Sharp Decline in Cost for World's Renewable Energy Updated in April 2018
According to IRENA’s (International Renewable Energy Agency) recently publicized report, the cost for power generation in Europe and other major countries has fallen drastically in the seven-year period between 2010 and 2017. The average cost for solar photovoltaic (PV) power generation has fallen 73% and the global average cost for onshore wind energy has fallen to 23%. IRENA has about 180 member-countries including the U.S., Japan, EU and others.
In the report titled “Renewable Power Generation Costs in 2017,” power generation cost in 2017 was 10 cents per 1 kilowatt hour on world average. This was a 73% drop compared to a decade ago. For land wind power, it cost 6 cents per 1 kilowatt hour. Cost fell by 23 % in 7 years. On the other hand, power generation from thermal power using fossil fuels in 2017, was around 5-17 cents, depending on case analyses. These figures tell us that costs for solar power and onshore wind power do not differ so much anymore.
Moreover, the IRENA report says that power plants with state-of-the-art technologies in solar and wind power will be able to provide 1 kilowatt hour of energy under 3 cents by the year 2019. By 2020, the cost for solar power generation would be half of what it cost in 2017. The report mentions more efficient power generation, and lowered construction/installation costs due to innovation, helped to cut overall costs.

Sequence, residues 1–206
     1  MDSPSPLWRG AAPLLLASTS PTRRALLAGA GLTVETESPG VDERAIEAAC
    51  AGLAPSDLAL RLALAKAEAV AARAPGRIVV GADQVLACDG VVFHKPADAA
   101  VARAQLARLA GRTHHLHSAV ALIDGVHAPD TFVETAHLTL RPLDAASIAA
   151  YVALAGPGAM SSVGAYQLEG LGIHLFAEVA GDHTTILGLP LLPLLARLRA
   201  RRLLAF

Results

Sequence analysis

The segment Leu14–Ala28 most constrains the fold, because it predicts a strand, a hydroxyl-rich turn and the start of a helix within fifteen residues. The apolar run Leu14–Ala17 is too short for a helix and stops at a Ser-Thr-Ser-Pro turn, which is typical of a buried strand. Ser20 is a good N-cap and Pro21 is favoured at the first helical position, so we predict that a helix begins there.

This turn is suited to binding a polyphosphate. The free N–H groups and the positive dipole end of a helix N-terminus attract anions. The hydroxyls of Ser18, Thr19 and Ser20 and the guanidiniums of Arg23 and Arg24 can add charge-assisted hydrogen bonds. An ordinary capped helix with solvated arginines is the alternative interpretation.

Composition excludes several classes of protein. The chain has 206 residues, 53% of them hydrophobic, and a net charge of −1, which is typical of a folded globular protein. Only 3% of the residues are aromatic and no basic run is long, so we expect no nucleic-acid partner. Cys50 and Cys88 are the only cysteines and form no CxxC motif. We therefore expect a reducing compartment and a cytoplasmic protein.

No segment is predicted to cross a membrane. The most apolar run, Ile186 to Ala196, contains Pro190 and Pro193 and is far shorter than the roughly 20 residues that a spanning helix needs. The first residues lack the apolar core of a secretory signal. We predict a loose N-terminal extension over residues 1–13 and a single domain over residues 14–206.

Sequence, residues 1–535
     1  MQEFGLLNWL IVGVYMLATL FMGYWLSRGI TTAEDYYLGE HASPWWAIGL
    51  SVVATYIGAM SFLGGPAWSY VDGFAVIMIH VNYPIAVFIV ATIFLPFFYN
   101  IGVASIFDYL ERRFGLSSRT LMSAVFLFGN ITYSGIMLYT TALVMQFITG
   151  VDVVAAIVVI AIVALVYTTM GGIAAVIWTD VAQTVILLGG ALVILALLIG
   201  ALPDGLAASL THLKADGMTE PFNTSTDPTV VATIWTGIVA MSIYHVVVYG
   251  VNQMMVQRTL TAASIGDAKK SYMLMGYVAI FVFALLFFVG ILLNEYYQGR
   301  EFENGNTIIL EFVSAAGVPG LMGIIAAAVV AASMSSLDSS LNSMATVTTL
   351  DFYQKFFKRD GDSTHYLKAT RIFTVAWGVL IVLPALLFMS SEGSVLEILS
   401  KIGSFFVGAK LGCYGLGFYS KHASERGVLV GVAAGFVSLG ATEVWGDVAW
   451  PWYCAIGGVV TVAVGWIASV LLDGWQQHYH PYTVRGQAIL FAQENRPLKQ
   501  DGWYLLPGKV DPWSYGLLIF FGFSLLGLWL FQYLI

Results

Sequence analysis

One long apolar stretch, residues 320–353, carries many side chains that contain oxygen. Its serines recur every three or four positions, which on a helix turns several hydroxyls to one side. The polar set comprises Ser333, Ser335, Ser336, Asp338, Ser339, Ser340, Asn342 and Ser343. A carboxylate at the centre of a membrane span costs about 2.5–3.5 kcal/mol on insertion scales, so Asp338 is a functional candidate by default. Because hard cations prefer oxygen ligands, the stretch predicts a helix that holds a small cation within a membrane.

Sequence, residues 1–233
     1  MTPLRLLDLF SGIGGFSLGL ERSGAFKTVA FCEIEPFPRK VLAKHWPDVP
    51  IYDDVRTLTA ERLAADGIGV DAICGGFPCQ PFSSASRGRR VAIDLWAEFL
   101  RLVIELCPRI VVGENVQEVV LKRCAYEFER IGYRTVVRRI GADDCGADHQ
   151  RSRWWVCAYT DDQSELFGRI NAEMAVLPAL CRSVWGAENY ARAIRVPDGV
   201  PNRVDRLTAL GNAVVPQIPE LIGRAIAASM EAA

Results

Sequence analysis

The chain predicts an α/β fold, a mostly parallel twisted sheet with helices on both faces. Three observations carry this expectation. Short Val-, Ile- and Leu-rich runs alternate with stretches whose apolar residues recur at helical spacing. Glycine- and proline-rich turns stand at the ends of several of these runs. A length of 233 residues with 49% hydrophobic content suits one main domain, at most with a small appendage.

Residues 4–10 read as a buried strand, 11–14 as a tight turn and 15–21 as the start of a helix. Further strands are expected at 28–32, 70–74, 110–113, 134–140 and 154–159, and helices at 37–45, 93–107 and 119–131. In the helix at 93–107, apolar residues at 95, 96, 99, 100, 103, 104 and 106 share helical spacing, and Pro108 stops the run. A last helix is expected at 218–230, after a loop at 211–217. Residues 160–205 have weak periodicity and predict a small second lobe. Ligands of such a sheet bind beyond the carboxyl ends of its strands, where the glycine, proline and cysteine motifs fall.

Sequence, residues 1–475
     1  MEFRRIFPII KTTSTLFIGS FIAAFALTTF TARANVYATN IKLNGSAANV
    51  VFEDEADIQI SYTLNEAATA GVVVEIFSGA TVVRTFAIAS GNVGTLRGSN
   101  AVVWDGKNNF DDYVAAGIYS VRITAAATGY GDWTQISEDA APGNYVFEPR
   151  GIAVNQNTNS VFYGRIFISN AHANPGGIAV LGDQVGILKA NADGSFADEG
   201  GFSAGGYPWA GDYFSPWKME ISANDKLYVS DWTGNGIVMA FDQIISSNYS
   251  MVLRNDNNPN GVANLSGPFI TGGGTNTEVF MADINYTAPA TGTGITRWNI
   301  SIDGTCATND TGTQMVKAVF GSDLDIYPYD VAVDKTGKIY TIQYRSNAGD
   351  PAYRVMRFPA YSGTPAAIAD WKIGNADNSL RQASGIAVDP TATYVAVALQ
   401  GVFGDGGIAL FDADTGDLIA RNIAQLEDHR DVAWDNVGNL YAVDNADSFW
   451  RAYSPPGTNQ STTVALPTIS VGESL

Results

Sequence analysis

An earlier IRENA press release of January 13 quotes Director-General Adnan Amin: “Turning to renewables for new power generation is not simply an environmentally conscious decision, it is now – overwhelmingly – a smart economic one.” “Governments around the world are recognizing this potential and forging ahead with low-carbon economic agendas underpinned by renewables-based energy systems. We expect the transition to gather further momentum, supporting jobs, growth, improved health, national resilience and climate mitigation around the world in 2018 and beyond.”
In its Energy Basic Plan (adopted by the Cabinet in April 2014), Japan, too, is expressing policies to promote introduction of renewable energy. But among target ratios of different power sources for 2030, the target for solar energy is 7%. The target figure for offshore and onshore wind power combined is only 1.7%. Compared to other industrialized developed nations, the ratio is low and costs are high. To counter this, Japan’s METI (Ministry of Economy, Trade and Industry) and its affiliated Agency for Natural Resources and Energy are encouraging competition among energy-related businesses to lower costs and are advancing policies to reduce installation and maintenance costs of power facilities.
The idea of establishing IRENA came along in 2009 to spread renewable energy worldwide. It was officially founded in April 2011. IRENA focuses on analysis, verification and policy advice on renewable energy, as well as providing developmental and technical support to member countries. According to MOFA (Ministry of Foreign Affairs), there are 150 member countries in IRENA including the U.S, Japan and EU (28 countries). From the founding stage, Japan is one of the 21 permanent member countries and is the second-highest funder next to the U.S. Japan contributes about 11% of IRENA’s funds.